EGU21-6153, updated on 04 Mar 2021
EGU General Assembly 2021
© Author(s) 2021. This work is distributed under
the Creative Commons Attribution 4.0 License.

A hotter-drought fingerprint on Earth’s forest mortality sites–warming accelerates risks

William M. Hammond1, A. Park Williams2, John T. Abatzoglou3, Henry D. Adams4, Tamir Klein5, Rosana López Rodríguez6, Cuauhtémoc Sáenz-Romero7, Henrik Hartmann8, David D. Breshears9, and Craig D. Allen10
William M. Hammond et al.
  • 1Department of Plant Biology, Ecology, and Evolution, Oklahoma State University, Stillwater OK, USA (
  • 2Lamont-Doherty Earth Observatory, Columbia University, Palisades NY, USA (
  • 3Management of Complex Systems, University of California, Merced CA, USA (
  • 4School of the Environment, Washington State University, Pullman WA, USA (
  • 5Department of Plant and Environmental Sciences, Weizmann Institute of Science, Rehovot, IL (
  • 6Sistemas Naturales e Historia Forestal, Universidad Politécnica de Madrid, Madrid, ES (
  • 7Instituto de Investigaciones sobre los Recursos Naturales, Universidad Michoacana de San Nicolás de Hidalgo, Morelia Michoacán, MX (
  • 8Department of Biogeochemical Processes, Max Planck Institute for Biogeochemistry, Jena, DE (
  • 9School of Natural Resources and the Environment, University of Arizona, Tucson AZ, USA (
  • 10Department of Geography and Environmental Studies, University of New Mexico, Albuquerque NM, USA (

Earth’s forests face grave challenges in the Anthropocene, including hotter droughts increasingly associated with widespread forest die-off. But despite the vital importance of forests—especially historical forests—to global ecosystem services, their fates in a warming world remain highly uncertain. Critically missing is quantitative determination of hotter-drought climatic drivers at globally-distributed, ground-based, tree-mortality sites. We established a precisely geo-referenced global database documenting climate-induced mortality events spanning all tree-supporting biomes from 154 studies since 1970. Here we quantify a lethal global hotter-drought fingerprint from these tree-mortality sites across 675 locations encompassing 1,303 database plots. Frequency of these lethal climate conditions accelerates under projected warming, up 140% by +4℃. Our database, soon available at, provides initial footing for further community development of quantitative, ground-based monitoring of global tree mortality (e.g., still including peer-reviewed observations, but importantly also those from forestry professionals, land managers, and citizen scientists). Furthermore, our database immediately enables critical predictive model validation and improved remote sensing of mortality. While our initial database enabled empirical quantification of a global climate signal for hotter-drought triggered tree mortality, ongoing and online contributions to the database (with efforts to be more spatially representative) will enable myriad future analyses and progress toward understanding the role of hotter-drought in the mechanistically complex process of tree mortality. Our global fingerprint of lethal hotter-drought confirms many of Earth’s forests are increasingly imperiled by further warming.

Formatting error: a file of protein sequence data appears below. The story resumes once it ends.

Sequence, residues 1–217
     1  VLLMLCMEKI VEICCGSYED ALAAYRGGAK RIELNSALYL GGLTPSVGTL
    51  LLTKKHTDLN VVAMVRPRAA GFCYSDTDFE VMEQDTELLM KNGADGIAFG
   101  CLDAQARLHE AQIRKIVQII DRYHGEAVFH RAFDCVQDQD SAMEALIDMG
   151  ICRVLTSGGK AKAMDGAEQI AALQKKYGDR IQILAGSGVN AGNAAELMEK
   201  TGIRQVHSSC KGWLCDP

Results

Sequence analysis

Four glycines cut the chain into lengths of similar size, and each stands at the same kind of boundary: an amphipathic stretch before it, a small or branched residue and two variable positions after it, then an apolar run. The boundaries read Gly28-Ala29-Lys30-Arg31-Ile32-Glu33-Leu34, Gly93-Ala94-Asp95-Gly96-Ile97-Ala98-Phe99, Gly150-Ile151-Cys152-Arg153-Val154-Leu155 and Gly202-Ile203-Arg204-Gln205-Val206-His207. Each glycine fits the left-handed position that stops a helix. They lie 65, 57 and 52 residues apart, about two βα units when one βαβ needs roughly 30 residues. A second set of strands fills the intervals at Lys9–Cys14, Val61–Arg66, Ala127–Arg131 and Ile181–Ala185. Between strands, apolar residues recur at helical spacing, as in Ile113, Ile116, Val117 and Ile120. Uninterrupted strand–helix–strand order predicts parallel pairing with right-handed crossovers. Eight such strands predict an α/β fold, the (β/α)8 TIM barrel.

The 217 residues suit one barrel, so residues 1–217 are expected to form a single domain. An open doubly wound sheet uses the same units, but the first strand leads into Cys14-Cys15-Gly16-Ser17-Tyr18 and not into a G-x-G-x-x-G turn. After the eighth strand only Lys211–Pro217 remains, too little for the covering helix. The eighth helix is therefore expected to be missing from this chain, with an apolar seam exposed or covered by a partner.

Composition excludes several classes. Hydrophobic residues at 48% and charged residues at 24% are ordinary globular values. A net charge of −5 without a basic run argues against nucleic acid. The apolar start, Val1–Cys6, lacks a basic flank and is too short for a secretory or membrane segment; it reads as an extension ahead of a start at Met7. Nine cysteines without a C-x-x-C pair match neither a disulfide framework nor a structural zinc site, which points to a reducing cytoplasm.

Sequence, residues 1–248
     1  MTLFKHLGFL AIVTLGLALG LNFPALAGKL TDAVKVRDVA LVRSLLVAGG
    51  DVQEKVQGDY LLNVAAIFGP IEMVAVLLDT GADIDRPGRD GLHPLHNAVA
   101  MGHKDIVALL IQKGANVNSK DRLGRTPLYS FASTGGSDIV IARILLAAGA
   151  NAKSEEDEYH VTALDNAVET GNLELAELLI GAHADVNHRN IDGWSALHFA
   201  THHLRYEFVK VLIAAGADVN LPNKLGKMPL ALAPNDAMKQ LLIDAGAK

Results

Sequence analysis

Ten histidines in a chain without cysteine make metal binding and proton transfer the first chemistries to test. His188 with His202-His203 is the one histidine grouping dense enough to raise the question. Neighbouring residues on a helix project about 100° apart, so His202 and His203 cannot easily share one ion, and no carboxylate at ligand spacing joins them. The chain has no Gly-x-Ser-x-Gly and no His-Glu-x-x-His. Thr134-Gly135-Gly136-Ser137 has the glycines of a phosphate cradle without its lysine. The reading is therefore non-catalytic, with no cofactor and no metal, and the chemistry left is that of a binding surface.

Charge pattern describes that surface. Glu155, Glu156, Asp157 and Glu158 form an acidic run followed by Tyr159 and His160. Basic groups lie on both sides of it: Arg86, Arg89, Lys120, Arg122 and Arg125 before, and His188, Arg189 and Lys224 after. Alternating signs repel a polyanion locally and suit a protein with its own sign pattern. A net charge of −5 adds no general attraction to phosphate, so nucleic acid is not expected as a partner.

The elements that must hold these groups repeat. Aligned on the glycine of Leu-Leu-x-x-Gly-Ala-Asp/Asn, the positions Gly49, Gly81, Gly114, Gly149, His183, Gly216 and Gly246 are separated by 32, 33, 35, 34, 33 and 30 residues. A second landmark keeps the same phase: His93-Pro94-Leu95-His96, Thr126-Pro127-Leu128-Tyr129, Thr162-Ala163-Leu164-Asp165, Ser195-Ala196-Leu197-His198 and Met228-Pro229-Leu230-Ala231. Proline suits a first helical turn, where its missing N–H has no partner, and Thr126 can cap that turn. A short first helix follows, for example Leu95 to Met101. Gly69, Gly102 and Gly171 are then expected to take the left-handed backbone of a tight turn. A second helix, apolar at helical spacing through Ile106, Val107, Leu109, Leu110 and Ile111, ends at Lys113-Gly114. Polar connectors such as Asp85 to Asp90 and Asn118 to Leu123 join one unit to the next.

How to cite: Hammond, W. M., Williams, A. P., Abatzoglou, J. T., Adams, H. D., Klein, T., Rodríguez, R. L., Sáenz-Romero, C., Hartmann, H., Breshears, D. D., and Allen, C. D.: A hotter-drought fingerprint on Earth’s forest mortality sites–warming accelerates risks, EGU General Assembly 2021, online, 19–30 Apr 2021, EGU21-6153,, 2021.

Corresponding presentation materials formerly uploaded have been withdrawn.